"It has defined my whole career."
A rainstorm that drove him into Curtiss Hall literally changed David Campbell's life. There he saw an announcement for a computer programming course, a class that came in handy during his Ph.D. studies at the University of Minnesota.
"I was the only one in the program who knew about computer programming. I was hired to program 30 years of results of the Strong Interest Inventory." The original author died soon afterwards and "the inventory fell into my lap."
Now know as the Strong-Campbell Interest Inventory, the assessment guides individuals toward career choices and has become one of the most widely use career surveys.
Criminal Justice and Sociology
Football star tackles new role on ISU Theatre stage.
Any Cyclone fan has heard of Brent Curvey. The senior is a two-team all-Big 12 defensive lineman who has set his sights on a professional career. But if things don't work out with football, Brent might set his sights on another high profile profession. Last spring Brent tackled a new role, this one as the male lead in ISU Theatre's production of "Intimate Apparel."
"It was my goal to act on the collegiate level (he appeared in high school productions) just to see what the difference was."
While he's enjoyed his time on stage, Brent is realistic about the future.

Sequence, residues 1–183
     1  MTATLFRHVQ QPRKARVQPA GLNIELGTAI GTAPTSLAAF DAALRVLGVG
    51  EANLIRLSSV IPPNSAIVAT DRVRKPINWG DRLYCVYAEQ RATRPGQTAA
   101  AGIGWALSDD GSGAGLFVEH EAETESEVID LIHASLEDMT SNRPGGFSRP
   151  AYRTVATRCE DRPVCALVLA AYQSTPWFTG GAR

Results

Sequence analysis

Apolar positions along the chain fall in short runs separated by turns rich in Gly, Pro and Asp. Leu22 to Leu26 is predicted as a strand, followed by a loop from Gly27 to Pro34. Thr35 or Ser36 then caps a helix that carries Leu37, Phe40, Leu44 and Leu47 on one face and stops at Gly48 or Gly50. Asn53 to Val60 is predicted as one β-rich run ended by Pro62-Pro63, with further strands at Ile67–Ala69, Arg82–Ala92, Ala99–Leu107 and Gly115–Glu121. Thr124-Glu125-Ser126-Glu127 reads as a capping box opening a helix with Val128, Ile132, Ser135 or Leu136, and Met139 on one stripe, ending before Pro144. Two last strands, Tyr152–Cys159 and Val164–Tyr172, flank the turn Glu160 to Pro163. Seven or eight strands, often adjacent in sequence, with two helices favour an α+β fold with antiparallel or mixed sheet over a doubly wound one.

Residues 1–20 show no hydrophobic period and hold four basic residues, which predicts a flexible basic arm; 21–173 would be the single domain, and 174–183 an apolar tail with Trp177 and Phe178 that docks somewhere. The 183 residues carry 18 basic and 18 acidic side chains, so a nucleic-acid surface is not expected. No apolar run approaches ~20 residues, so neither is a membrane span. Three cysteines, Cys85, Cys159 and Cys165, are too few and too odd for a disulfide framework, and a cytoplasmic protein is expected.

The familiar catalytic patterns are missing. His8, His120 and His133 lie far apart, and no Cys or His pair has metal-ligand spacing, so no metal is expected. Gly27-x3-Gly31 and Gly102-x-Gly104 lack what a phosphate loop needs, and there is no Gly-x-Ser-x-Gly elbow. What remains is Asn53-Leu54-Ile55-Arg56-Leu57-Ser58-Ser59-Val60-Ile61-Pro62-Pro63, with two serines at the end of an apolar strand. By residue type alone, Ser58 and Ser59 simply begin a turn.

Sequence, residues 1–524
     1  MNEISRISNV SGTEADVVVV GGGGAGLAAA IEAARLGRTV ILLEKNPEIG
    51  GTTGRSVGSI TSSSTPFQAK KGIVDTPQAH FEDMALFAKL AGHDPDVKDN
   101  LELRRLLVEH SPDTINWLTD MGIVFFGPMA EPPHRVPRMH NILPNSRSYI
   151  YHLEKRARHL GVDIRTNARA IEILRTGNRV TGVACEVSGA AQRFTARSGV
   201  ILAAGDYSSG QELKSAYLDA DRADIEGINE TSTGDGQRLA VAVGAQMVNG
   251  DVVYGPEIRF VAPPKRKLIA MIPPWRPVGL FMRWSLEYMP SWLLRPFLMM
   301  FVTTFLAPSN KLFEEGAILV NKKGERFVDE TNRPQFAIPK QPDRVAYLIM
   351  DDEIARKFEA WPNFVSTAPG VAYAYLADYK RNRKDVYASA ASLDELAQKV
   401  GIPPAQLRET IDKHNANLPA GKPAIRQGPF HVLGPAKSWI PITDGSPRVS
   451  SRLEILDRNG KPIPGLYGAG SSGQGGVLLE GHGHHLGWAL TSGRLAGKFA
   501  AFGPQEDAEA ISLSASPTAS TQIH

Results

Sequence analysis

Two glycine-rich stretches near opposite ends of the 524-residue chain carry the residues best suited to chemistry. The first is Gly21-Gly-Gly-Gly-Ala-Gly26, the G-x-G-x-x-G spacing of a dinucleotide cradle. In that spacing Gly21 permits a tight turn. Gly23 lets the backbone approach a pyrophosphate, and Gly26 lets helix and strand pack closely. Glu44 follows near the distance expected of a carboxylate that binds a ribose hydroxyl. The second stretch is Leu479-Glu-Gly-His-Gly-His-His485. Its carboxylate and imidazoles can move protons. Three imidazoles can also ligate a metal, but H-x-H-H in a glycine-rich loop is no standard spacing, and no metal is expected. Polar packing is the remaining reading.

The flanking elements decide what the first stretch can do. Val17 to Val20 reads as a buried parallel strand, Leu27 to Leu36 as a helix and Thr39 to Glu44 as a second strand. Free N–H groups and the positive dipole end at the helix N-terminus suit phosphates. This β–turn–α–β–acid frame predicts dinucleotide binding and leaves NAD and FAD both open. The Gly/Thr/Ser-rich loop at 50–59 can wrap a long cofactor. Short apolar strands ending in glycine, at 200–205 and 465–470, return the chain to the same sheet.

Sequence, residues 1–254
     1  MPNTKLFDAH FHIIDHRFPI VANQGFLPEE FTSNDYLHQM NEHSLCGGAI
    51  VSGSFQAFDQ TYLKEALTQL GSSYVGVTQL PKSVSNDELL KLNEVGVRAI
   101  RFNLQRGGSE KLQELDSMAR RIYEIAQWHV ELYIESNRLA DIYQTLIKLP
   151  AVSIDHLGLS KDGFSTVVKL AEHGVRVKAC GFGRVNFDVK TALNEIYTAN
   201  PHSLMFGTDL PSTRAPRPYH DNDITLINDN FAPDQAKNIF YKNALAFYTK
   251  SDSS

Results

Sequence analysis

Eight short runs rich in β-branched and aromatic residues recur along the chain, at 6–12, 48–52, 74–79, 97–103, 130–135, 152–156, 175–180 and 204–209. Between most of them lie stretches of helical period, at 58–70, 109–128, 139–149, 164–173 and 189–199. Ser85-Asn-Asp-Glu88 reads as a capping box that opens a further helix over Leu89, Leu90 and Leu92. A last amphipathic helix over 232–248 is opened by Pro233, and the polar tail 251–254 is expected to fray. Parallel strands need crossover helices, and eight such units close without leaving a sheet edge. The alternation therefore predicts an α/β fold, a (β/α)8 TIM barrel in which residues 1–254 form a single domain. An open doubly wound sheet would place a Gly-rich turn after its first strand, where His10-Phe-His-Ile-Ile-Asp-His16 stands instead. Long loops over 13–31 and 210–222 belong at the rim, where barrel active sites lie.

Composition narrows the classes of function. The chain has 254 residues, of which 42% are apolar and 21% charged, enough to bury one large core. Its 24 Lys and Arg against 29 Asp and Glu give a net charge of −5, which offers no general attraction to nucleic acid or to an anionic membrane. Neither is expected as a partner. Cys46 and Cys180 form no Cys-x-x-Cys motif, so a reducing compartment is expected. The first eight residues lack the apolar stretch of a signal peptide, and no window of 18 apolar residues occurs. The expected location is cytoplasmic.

"Right now it's my football career that is going to take me places. Acting is a one in a million shot. Still I put my all into the play and who knows? Maybe I'll take a stab at it someday and see what happens."
No safety equipment. No breathing apparatuses. No barricades.
Unimaginable. That's how Kathy Leonard describes the working conditions of Boilivian miners. Among those miners as children as young as five years old and women. This academic year, Kathy is spending several months in Bolivia chronicling that nation's "women of silver and tin," who spend 10-12 hours a day sitting just outside the mine entrances breaking up rocks to extract any minerals left there. If they are lucky they make about $20 a week.
"It's back breaking work that often takes place at extremely high altitudes and in adverse climactic conditions." Through a National Endowment for the Humanities grant, Kathy is back in Bolivia to learn about the lives of the women miners directly from them.
"I plan to document their current living and working conditions by conducting personal interviews with the female and male minors and photographing them in their homes and work."